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Designing an ambulance fit for the future

26 September 2011

Building on six years of research at the Royal College of Art, the design project, Redesigning the ambulance: improving mobile emergency healthcare, is set to improve the experience for patients and to create a better treatment space for staff. Today’s ambulance crews are highly skilled professionals. They no longer merely transport patients to hospital but diagnose and treat patients in often challenging conditions.

The Helen Hamlyn Centre for Design project began with designers joining ambulance crews on callouts during 12-hour shifts. Key insights were translated into sketch designs, and a full-scale test rig was mocked up in cardboard and foam. The design team then worked with front line paramedics, clinicians, patients, academic researchers and engineers in a co-design process to develop and evaluate proposals.

Salient features and benefits
 THE FIRST main feature is the centrally positioned stretcher, which allows the clinician all-round access to the patient to give safer, more efficient treatment.  In existing ambulances, only one side of the patient is easily accessible because the stretcher’s clamped to the wall.  The stretcher the new ambulance uses is a large one, to manage bigger patients and the UK demographic trend towards increasing obesity.

 Secondly, all of the equipment and supplies have been fixed to one side of the vehicle on a simple, carefully designed, ‘Working Wall’ to position everything ergonomically, following evidence from a great deal of user-research.  A simple but very effective addition is a small fold-out table for the attendant to use as a lay-down space for items in use, instead of laying them out on the patient.

 Thirdly, modular Treatment Packs are loaded into the vehicle before each shift by the ‘Make-Ready’ team, containing everything needed for particular jobs – for example, dressings, cannulas, airways and oxygen kit, burns, and a maternity pack.  This way the crew knows that the vehicle is fully stocked for the shift, and they don’t need to overload it ‘just in case’.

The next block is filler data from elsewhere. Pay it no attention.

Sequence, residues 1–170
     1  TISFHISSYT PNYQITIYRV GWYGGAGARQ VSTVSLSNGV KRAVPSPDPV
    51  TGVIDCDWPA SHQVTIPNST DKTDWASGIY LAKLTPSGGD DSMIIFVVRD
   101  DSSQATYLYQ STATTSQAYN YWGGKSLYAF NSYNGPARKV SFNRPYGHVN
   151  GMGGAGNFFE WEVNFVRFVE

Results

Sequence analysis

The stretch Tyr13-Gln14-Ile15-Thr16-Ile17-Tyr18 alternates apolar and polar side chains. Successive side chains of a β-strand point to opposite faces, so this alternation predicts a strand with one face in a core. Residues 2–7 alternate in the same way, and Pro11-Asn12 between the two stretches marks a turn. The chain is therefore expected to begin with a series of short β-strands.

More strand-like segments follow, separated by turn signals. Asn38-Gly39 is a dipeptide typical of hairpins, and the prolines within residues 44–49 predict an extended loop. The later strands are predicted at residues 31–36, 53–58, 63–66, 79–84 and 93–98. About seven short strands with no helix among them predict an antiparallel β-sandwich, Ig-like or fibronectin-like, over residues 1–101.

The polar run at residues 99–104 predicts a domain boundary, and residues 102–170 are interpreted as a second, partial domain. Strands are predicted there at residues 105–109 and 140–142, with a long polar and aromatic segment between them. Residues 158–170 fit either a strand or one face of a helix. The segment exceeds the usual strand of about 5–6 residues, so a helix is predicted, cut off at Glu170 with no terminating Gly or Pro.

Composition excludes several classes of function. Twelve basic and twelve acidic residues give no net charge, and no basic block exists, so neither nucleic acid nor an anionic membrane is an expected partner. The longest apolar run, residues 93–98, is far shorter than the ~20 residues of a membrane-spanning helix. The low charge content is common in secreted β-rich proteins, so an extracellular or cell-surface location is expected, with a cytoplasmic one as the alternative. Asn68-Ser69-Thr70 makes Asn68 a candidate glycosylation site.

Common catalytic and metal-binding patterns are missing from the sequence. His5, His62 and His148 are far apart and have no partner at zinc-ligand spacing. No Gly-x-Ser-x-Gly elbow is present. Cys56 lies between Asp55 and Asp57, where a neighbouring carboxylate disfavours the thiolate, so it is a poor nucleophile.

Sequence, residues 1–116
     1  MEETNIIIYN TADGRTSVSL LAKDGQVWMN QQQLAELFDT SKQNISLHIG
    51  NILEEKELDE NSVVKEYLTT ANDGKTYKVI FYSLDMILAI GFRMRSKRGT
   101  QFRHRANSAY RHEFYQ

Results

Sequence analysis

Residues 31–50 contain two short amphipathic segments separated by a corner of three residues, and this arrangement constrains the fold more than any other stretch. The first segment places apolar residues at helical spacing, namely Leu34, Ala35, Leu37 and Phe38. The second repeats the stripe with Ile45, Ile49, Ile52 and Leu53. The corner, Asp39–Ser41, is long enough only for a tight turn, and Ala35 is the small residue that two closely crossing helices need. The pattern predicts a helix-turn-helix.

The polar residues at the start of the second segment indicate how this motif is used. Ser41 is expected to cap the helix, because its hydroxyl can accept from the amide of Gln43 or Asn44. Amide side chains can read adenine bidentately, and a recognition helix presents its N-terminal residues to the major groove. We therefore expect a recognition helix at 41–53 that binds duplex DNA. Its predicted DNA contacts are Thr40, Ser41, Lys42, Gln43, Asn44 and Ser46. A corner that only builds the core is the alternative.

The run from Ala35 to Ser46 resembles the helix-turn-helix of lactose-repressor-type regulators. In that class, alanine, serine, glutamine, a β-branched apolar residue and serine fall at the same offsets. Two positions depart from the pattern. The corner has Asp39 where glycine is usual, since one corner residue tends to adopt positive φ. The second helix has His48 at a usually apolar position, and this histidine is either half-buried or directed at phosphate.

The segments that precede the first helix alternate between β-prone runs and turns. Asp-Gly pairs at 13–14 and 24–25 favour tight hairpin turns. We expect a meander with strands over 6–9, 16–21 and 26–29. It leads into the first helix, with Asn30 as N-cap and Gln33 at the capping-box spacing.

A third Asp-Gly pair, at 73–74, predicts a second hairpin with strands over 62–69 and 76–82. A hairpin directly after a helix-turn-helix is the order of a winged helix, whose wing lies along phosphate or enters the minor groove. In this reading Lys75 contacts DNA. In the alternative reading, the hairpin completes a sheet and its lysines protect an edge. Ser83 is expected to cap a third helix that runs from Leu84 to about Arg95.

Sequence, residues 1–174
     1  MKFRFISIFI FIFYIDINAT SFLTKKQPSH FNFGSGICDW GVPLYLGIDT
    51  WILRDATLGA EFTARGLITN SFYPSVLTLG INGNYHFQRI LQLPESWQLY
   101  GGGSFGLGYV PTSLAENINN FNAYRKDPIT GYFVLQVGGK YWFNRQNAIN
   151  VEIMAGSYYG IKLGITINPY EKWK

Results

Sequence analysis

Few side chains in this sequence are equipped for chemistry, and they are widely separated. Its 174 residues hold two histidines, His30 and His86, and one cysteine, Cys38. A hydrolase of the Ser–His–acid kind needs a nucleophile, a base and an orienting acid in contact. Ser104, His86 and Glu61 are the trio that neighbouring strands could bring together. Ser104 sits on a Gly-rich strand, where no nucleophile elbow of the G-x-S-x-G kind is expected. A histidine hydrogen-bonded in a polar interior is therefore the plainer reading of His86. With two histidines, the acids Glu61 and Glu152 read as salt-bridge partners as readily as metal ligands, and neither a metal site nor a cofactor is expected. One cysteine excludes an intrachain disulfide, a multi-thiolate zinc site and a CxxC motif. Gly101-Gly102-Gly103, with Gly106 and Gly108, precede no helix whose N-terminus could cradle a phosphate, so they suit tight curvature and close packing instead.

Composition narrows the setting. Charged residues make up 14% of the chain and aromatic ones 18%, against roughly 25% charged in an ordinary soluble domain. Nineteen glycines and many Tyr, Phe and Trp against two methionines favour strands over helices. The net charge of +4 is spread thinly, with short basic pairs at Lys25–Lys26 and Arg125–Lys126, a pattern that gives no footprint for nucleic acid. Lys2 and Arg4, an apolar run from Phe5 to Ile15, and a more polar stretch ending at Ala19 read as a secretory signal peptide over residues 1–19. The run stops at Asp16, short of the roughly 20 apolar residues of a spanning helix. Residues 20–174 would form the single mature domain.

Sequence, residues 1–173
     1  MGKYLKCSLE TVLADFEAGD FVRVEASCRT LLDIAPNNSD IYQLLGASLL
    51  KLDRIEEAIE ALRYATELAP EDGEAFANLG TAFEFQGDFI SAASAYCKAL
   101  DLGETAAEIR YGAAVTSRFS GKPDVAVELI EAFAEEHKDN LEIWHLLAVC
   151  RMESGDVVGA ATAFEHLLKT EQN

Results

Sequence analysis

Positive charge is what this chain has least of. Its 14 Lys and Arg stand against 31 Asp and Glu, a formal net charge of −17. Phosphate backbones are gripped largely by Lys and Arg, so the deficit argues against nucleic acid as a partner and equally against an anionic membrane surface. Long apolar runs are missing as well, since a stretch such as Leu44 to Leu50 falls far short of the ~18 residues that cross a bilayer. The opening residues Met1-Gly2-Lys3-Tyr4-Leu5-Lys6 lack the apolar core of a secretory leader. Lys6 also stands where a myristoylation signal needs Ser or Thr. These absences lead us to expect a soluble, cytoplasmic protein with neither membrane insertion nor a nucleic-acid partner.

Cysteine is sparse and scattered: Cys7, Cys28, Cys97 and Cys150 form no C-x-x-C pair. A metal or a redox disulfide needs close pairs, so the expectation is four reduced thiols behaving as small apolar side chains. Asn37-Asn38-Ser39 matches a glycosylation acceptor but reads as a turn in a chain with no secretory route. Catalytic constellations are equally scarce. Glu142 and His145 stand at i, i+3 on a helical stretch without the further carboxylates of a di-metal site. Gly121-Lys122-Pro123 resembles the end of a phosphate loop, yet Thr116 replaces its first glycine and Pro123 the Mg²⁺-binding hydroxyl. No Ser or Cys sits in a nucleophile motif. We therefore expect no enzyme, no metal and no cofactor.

 Fourthly, and a big innovation, is simply to bring together existing digital technologies that we take for granted in our phones and cars every day, make them work together, and revolutionise the ambulance. The new ambulance’s Communications and Monitoring System provides much better road navigation, enables video links, discussion with hospital colleagues and specialists, and access to patient records.  It also sends vital signs and handover information directly to the hospital whilst en route.  This is much more efficient than transcribing notes scribbled onto a surgical glove, onto a paper form, to be later transcribed again into the NHS system.

 Fifth, the Easy-Clean Interior has been designed to avoid corners and crevices where dirt can collect. Evaluations have demonstrated significant improvements in infection control as a result; the interior is better-lit, has a better ambience and is less intimidating to the patient.

 Finally, the design team have added some ridiculously simple features, for example, giving ambulance clinicians some hand-cleaning facilities – it may seem incredible, but there’s nothing provided at the moment.  The same goes for storing personal belongings, and there’s even room for a cooler-box to reduce food poisoning amongst staff caused by their sandwiches going off during a 12-hour shift in hot weather.

The project team is currently working with commissioners, ambulance trusts and manufacturers to ensure that learning from the project can be implemented and will lead to quality and productivity improvements across the NHS.

For more information about the Royal College of Art, click here.

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